I’ve been thinking a lot lately about change…and growing up…and moving on. Senior year is one of those times when you really start to evaluate your life in all of its positive and negative lights. And you think, “What have I done with the 17 years that I’ve been alive? What opportunities have I embraced, and which ones have I bypassed? How do I move forward?”

Suddenly, you have to make important decisions almost all by yourself, and your to-do list expands exponentially to include tasks that will change the course of your life.

How in the world am I supposed to navigate this whirlwind that people call “being an adult”?

First of all, stop stark still, right in the middle of your tracks. Yes, you might have to cling to the doorpost to avoid being borne away by the wind billowing about your ears, but you’ll find that once you grab on, it will grow easier to hold your grip. Close your eyes and pray. Discard that spiritual checklist that you keep in the back of your consciousness and take time to rest in His presence. And suddenly you’ll realize that no matter what happens this year (or any other), He will never allow you to be crushed by the whirlwind of jobs and school and relationships and decision-making.

Secondly, allow yourself room to make mistakes. As a perfectionist, I have a very high standard for myself, but I need to realize that I will inevitably make some bad decisions in life because I’m human. Don’t be paralyzed by all the what-ifs. When you fail, shake yourself, take courage, and move on.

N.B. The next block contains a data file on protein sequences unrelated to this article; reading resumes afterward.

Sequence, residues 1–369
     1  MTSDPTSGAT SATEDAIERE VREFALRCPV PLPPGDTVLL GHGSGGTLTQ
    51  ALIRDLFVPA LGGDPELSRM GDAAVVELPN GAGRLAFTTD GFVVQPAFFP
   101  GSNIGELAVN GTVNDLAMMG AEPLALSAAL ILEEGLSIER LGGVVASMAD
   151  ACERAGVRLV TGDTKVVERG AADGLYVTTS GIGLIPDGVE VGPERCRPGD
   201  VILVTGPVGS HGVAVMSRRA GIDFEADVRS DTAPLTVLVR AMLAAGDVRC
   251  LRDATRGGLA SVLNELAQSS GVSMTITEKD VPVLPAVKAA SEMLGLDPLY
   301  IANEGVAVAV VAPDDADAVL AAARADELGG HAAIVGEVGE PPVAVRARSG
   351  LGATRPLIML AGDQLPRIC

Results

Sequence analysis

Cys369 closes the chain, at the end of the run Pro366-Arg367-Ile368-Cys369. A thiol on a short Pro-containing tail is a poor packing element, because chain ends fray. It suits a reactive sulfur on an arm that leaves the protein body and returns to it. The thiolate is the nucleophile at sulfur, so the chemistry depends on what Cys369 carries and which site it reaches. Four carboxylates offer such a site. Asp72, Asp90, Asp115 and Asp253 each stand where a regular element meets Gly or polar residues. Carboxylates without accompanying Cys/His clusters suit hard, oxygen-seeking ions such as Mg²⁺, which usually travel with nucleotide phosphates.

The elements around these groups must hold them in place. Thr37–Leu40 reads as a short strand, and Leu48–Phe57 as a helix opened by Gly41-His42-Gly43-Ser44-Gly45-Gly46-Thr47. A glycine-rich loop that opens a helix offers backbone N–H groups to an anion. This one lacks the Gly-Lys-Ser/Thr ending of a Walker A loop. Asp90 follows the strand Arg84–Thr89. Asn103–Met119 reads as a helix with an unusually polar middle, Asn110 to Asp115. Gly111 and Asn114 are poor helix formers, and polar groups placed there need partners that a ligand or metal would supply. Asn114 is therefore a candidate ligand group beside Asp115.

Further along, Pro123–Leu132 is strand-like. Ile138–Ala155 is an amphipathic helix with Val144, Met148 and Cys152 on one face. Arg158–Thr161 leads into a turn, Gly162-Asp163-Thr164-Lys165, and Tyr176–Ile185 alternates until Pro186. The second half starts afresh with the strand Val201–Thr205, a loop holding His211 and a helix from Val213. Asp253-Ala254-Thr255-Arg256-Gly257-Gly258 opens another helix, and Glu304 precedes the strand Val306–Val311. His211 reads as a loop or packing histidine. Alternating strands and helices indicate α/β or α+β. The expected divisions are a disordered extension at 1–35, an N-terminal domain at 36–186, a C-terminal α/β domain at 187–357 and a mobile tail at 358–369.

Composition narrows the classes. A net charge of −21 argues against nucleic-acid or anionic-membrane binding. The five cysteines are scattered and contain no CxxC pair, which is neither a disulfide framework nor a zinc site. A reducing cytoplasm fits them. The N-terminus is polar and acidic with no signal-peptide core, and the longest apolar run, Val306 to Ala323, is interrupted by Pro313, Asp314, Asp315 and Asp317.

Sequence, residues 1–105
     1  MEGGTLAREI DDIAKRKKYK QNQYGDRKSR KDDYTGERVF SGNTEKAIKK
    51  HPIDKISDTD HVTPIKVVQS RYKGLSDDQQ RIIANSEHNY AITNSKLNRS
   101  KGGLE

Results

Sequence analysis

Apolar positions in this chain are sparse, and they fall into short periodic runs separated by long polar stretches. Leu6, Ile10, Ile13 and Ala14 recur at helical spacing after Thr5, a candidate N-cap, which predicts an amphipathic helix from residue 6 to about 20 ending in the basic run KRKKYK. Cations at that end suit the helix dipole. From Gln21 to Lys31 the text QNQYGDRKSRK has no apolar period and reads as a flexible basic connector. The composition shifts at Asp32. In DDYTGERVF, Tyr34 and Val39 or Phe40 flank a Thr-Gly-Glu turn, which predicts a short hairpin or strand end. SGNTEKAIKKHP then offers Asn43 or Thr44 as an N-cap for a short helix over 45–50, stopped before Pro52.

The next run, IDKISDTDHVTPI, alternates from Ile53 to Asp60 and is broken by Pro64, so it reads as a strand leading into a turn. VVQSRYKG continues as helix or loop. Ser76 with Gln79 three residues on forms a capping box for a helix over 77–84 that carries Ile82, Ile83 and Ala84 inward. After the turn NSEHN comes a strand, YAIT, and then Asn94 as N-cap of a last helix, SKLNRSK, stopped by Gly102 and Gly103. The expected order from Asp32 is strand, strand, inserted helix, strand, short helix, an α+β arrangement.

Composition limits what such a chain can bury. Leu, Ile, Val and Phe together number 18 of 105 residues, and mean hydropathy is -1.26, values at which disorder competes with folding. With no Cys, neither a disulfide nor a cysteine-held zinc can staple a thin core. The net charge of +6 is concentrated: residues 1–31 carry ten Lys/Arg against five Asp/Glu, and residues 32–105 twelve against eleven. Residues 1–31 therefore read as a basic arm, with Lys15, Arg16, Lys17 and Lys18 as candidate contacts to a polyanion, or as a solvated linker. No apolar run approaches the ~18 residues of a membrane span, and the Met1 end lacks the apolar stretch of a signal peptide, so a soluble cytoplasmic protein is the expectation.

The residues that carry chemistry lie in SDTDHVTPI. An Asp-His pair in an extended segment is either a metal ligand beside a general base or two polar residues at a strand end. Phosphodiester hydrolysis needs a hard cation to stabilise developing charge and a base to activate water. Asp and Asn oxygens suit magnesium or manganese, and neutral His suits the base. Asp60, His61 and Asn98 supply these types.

And finally, don’t ever allow yourself to lose your childishness, even in the midst of all this adult jargon. Responsibility does not override creativity, and practicality does not negate imagination. If you become so consumed in filling out job applications, checking off your task list, and spending hours on research projects, you will forget what sunshine tastes like. You’ll forget how vibrant a dew-speckled rose is. You’ll lose the ability to interpret the birdsong filling the air with vernal hues. And by losing your sense of  wonder, you begin to lose sight of eternity and immortality.

In his “Ode: Intimations of Immortality from Recollections of Early Childhood,” Wordsworth cries,

“Though nothing can bring back the hour

Of splendour in the grass, of glory in the flower;

We will grieve not, rather find

Strength in what remains behind…”

Don’t forget that you are young yet, and that humans were created as much to play and rejoice as to work and mourn. Explore, create, love, think, feel…

And don’t let the world abash your optimism.






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